Heterotopic ossification (HO) is an overgrowth of bone that frequently occurs after a bone fracture (break).  It commonly occurs in patients who have fractured bones of the spine, hip, or elbow. It causes pain and disability. Radiation therapy is a local treatment modality that works by damaging the DNA of cells. 

Based on the clinical evidence, preoperative or post operative radiation therapy has been proven to be effective in preventing heterotopic ossification for patients identified as being at risk (previous heterotopic ossification, ankylosing spondylitis, diffuse idiopathic skeletal hyperostosis or spinal stenosis, unlimited hip motion preoperatively, and head injury).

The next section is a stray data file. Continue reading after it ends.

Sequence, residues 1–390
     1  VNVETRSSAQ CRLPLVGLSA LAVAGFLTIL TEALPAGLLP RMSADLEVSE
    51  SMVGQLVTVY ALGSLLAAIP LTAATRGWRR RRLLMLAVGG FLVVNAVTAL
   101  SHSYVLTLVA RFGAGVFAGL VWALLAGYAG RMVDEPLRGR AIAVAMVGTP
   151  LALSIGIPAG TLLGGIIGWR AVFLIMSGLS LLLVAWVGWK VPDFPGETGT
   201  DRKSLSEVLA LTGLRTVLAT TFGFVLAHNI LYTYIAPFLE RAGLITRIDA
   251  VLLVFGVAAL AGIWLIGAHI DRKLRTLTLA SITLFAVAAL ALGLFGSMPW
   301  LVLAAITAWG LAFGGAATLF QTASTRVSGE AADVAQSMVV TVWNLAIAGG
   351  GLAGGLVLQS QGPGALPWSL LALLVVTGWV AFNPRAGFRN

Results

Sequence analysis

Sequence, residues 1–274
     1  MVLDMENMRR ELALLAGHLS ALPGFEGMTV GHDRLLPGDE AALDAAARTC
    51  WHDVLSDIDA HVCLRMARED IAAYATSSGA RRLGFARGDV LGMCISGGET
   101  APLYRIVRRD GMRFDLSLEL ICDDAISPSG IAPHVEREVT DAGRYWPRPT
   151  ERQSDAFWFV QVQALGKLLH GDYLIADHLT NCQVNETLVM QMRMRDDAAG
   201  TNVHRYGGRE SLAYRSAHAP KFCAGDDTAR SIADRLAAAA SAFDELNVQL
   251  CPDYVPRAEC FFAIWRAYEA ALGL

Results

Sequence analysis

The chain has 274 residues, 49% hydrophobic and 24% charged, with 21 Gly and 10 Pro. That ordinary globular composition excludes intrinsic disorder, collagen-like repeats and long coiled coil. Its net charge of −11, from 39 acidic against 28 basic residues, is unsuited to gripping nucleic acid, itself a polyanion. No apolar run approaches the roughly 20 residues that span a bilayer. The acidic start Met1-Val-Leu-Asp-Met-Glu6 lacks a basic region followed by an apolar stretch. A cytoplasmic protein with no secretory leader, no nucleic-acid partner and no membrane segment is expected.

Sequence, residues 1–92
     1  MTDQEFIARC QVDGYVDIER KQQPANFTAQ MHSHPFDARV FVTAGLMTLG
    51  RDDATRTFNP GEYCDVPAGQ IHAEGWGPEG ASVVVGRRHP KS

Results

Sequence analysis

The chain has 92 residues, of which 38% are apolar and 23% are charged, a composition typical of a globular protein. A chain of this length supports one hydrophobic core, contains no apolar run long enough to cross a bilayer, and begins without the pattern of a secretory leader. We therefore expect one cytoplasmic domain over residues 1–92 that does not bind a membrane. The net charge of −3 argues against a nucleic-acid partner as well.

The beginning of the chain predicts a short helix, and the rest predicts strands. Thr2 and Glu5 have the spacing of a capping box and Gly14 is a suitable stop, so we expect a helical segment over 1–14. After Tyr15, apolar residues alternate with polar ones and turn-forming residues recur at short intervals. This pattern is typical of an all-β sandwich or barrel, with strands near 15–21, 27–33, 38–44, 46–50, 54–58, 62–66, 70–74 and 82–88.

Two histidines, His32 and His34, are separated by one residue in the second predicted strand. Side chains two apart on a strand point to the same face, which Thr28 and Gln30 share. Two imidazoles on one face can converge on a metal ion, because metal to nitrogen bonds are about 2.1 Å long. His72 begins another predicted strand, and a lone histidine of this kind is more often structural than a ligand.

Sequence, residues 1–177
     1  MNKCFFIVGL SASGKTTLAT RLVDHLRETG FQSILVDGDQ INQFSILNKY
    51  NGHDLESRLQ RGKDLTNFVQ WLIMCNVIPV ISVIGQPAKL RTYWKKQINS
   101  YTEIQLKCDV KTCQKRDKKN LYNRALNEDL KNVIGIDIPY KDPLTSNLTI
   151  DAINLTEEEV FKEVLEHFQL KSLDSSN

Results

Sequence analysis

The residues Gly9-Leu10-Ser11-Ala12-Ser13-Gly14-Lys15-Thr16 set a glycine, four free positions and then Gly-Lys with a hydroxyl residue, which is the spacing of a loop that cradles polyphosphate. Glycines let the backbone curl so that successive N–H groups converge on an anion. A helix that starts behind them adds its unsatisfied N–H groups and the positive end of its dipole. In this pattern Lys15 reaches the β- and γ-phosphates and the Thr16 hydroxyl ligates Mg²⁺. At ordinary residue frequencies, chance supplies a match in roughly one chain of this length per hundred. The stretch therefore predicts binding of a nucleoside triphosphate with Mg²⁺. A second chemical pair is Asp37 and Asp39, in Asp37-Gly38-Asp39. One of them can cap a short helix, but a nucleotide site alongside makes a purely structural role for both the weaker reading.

Grenfell and Borg (2014) stated that palmar and plantar fascial fibromatoses are benign hyper-proliferative disorders of the deep fascia of the palm and sole.  These researchers examined the role of radiotherapy in the management of fascial fibromatosis.  A total of 6 consecutive cases of early-stage fascial fibromatosis treated with radiotherapy between July 2008 and May 2011 were analyzed.  The results of the case series were compared with a systematic review of the literature.  All 6 cases regressed or showed a reduction of symptoms following radiotherapy.  Treatment was well-tolerated with minor toxicities.  Median follow-up for the case series was 38.5 months.  The systematic review identified 7 studies describing the use of radiotherapy as primary treatment for fascial fibromatosis between 1946 and 2013.  The literature indicated that radiotherapy can prevent disease progression and improve symptoms for early-stage disease, with low likelihood of significant toxicities.  The authors concluded that early results from this case series were consistent with the literature, showing that radiotherapy can provide an effective management option for patients with early-stage fascial fibromatosis, and justified consideration of radiotherapy as a primary treatment for early-stage disease.  These preliminary findings need to be validated by well-designed studies.